Each pin represents either a Scout Group or Explorer Scout Unit (ESU).
Click on a pin in your local area and zoom in to find the Groups closest to you.
If you think Scouting’s just about knots, woggles and big shorts, then be prepared to be surprised. It’s how Richard Branson, Barack Obama and David Beckham got their start in life. Every year we help 400,000 young people in the UK enjoy new adventures; to experience the outdoors, interact with others, gain confidence and have the opportunity to reach their full potential.
Who are our young people?
Scouting encourages young people from all backgrounds to have self-belief and a voice. It helps them develop physically, intellectually, socially and spiritually. We call this ‘everyday adventure’. They just call it fun.
Who are our volunteers?
Our adults are from a variety of different backgrounds. All our leaders are volunteers, and all Scout volunteers are unpaid and the majority have a full-time job and family. Here are some other key facts:
- 44% of our leaders nationally are female
- Many volunteers help out on a flexible basis due to other commitments
- 27% of volunteers nationally join because they are a parent of a young member
- Volunteers don’t have to wear uniform
- All leaders are covered by a comprehensive insurance policy while taking part in Scouting
- All leaders go through a “Disclosure Check” (DBS) to check their suitability to work with children and vulnerable adults.
Scouting in Lonsdale is a modern, forward looking, co-educational youth movement for the 21st Century. With around 1450 members across the District led by a dedicated team of adults, Scouting continues to offer a progressive programme of interesting, exciting and challenging activities to young people in the 6 – 25 year old age range.
Approximately 80% of young people across the District live less than fifteen minutes drive from their nearest Scout Group – so there will be a Scout Group close to YOU.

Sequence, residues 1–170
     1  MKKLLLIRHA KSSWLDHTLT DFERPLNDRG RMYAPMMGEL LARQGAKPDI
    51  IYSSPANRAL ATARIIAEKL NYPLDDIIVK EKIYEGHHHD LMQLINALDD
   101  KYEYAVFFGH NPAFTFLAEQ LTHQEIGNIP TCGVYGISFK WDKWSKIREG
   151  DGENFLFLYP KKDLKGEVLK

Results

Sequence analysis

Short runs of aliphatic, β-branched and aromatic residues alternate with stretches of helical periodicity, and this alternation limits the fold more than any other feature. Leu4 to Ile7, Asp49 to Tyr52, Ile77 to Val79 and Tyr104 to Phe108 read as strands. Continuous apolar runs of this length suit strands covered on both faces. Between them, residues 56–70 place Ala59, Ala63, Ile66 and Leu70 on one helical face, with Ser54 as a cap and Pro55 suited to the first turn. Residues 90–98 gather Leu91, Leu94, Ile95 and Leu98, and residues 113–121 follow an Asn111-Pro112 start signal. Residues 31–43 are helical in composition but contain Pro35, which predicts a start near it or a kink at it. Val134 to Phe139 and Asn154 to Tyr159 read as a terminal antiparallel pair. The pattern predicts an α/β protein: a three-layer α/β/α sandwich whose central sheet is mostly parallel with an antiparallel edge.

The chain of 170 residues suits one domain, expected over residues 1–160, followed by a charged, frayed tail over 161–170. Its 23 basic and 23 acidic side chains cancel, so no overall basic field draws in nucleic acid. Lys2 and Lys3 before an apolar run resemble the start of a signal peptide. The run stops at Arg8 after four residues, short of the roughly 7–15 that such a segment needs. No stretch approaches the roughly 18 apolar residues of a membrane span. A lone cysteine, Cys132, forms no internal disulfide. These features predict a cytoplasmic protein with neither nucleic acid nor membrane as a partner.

Click here to find the nearest Group to you in West Lancashire.
Geographically, Lonsdale District covers the northern area of the administrative County of Lancashire.
The District consists of 24 Groups and 9 Explorer Scout Units and is a part of West Lancashire Scout County.
Groups in the District
By clicking on one of the locations below you can find information about the Groups within Lonsdale District.
The red rose, originally a badge of the Earls and Dukes of Lancaster, and the device of the Lancastrian faction in the Wars of the Roses, has become the County emblem and is the principal feature of the County coat of arms.
Lancashire’s red rose was the badge of Edmund Plantagenet, second son of Henry III, and the first Duke of Lancaster. The red rose is the French ‘rosa gallica’ or ‘rosa officialis’ introduced into England, perhaps about the time of the Crusades. Henry II’s wife, Queen Elinor, who was French, was compared with the exotic French rose. The white Yorkshire rose is the ‘rosa alba’ and it was always the symbol of the House of York. When the Wars of the Roses ended, the (Welsh) Tudors merged the red and white roses to create the Tudor rose.
And, perhaps, the argent ground behind the gateway represents the silver waters of the River Lune, anciently Loyne, from which dale the District takes its name, and which passes through a large portion of it.
Or even the silver waters of Morecambe Bay . . .
‘John o’ Gaunt’s’ Gateway, Lancaster Castle:
John of Gaunt (or Ghent), Duke of Lancaster, was the fourth son of Edward III. and his queen Philippa, and was born at Ghent (Belgium) about 1340. He married Blanche, daughter of Henry, Duke of Lancaster, and was created Earl of Derby and Duke of Lancaster. He took part with his brother, the Black Prince, in his Spanish expedition; married soon after Constance of Castile, and assumed the title of King of Castile; invaded France in 1373, and marched unopposed from Calais to Bordeaux; and succeeded his brother as Governor of Gascony.
In 1380 he invaded Scotland, and during his absence his palace at London was attacked and burnt by the insurgents under Wat the Tyler. He afterwards made an attack on Castile in alliance with the King of Portugal; but closed the war by marrying his daughter to the son of the King of Castile; and returned to England in 1389. In the following year Richard II. gave him the Duchy of Aquitaine. By his first wife John of Gaunt was father of Henry IV. He married as his third wife Catherine Swynford, and died in 1399. He had distinguished himself as the firm and powerful protector of Wickliffe.
Original badge made from the winning competition design by Russell King of Orpington, Kent for a District Badge for Lancaster in 1972.
See http://www.lancastercastle.com/ for further information on Lancaster Castle